Science in 140 characters: Next stop Titan

Science in 140 characters: Next stop Titan

With data from Rosetta, the team believes it can now drill into the nucleus of the comet to retrieve at least 100 grams material.

Next stop Titan @tweetsoutloud

Bobak Ferdowsi, NASA engineer

NASA engineer Bobak Ferdowsi tweeted his congratulations to the teams behind the Caesar and Dragonfly robotic missions selected for launch in the next decade as part of the New Frontiers programme. Dragonfly, led by Johns Hopkins University’s Applied Physics Laboratory, is a rotorcraft that will land on Titan, Saturn’s largest moon, which has a dense atmosphere and a hydrological cycle similar to Earth’s and is flowing with organic material essential to life. Dragonfly will “explore diverse locations” for evidence of “water-based and/or hydrocarbon-based life”. According to the concept paper, prepared by researchers from various institutes, “the mission need not commit to landing sites that have not first been assessed to be safe. This conservative approach… enables the contemplation of much rough terrains that may be associated with more appealing scientific targets…” Caesar, short for Comet Astrobiology Exploration Sample Return and led by Cornell University, travels to 67P/Churyumov-Gerasimenko, a comet of the Jupiter family previously explored by the European Sapce Agency’s Rosetta mission. Comets are believed to carry material from the time when the solar system was just forming. With data from Rosetta, the team believes it can now drill into the nucleus of the comet to retrieve at least 100 grams material. To The New York Times, Cornell Prof Steven W Squyres has given Caesar’s return date as November 20, 2038.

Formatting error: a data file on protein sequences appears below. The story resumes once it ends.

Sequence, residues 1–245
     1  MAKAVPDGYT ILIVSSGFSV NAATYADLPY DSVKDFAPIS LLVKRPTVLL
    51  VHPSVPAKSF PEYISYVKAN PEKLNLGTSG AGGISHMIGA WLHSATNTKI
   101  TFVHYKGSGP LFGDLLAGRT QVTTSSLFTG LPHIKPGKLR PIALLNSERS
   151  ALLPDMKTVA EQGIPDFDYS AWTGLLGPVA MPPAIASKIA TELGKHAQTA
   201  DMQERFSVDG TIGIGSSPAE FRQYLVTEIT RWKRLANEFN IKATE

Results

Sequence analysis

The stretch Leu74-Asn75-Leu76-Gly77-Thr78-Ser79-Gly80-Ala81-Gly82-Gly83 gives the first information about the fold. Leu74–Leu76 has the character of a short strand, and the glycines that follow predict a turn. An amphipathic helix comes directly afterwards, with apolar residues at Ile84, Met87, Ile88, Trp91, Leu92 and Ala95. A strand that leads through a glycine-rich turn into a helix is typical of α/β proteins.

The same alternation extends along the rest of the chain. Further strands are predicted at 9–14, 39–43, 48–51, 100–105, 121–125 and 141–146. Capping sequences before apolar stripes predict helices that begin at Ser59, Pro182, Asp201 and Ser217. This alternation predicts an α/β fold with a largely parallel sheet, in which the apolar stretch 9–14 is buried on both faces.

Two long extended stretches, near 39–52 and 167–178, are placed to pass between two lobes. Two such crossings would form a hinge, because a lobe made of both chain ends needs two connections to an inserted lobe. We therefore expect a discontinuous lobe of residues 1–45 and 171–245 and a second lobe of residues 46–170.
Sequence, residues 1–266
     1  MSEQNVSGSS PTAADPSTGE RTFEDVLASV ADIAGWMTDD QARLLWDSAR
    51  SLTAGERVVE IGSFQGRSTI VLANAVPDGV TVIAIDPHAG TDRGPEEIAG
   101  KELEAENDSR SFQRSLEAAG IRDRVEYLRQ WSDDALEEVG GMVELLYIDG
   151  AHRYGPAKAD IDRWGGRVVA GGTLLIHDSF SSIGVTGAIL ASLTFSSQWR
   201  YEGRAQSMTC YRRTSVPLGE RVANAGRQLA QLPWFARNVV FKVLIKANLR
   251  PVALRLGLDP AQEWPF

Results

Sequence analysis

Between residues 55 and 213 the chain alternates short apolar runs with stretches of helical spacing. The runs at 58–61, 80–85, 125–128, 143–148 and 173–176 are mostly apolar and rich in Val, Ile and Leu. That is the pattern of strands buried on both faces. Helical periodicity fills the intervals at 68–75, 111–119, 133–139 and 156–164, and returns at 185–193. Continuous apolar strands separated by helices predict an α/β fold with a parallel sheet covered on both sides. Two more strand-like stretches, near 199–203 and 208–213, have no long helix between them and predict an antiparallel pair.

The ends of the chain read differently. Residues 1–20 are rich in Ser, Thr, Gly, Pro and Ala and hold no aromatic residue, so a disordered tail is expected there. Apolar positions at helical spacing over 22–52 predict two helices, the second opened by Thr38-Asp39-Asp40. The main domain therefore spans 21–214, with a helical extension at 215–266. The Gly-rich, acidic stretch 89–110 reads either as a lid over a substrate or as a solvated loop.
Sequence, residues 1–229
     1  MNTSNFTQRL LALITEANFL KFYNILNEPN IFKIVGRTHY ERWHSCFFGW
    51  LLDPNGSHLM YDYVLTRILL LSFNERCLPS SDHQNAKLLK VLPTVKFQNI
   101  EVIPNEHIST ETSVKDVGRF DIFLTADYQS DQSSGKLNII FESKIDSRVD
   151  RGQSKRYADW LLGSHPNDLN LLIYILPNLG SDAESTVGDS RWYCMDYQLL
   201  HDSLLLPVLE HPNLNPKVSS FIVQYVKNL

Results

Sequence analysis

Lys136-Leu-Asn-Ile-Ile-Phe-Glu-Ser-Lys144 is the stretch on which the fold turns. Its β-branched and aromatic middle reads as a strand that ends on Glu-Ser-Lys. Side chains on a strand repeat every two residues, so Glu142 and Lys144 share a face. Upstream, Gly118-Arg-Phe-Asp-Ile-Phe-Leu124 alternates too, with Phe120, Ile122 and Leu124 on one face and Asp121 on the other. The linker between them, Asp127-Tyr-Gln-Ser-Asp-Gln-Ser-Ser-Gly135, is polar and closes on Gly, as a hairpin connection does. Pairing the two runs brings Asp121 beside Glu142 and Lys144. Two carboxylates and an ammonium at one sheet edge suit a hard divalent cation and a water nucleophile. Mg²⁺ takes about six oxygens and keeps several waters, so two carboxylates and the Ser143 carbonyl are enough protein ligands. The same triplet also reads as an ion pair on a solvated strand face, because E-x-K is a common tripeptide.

Word restriction


After The Washington Post reported that the US Centre for Disease Control and Prevention was allegedly told not to use the words “fetus”, “transgender”, “evidence-based”, “science-based”, “diversity”, “entitlement” and “vulnerable” in budget documents, a barrage of tweets followed from scientists. “Reality doesn’t care if you believe in it or not — it just is. Science-based means trying to match reality. Making decisions without understanding reality is a recipe for disaster,” tweeted seismologist Dr Lucy Jones. “Whether the censorship was a formal ban or recommended self-censorship, whether it was directed at the CDC or any other science-based organization, whether there were sevens words or 100, the objective is the same. #CDC7words,” tweeted March for Science, which organised a nationwide march in April against what it called Washington’s disregard for evidence-based knowledge. “It is precisely 0% less appalling if @CDCgov is being *encouraged* to avoid those 7 words vs. being *told* not to. Self-censorship by scientists shouldn’t be a requirement to secure @GOP support for @CDCgov’s life-saving work. Do you agree, @SenatorIsakson and @sendavidperdue?” tweeted epidemiologist Chelsea Polis. Amid the criticism, CDC chief Brenda Fitzgerald tweeted, “There are no banned, prohibited or forbidden words at the CDC—period.”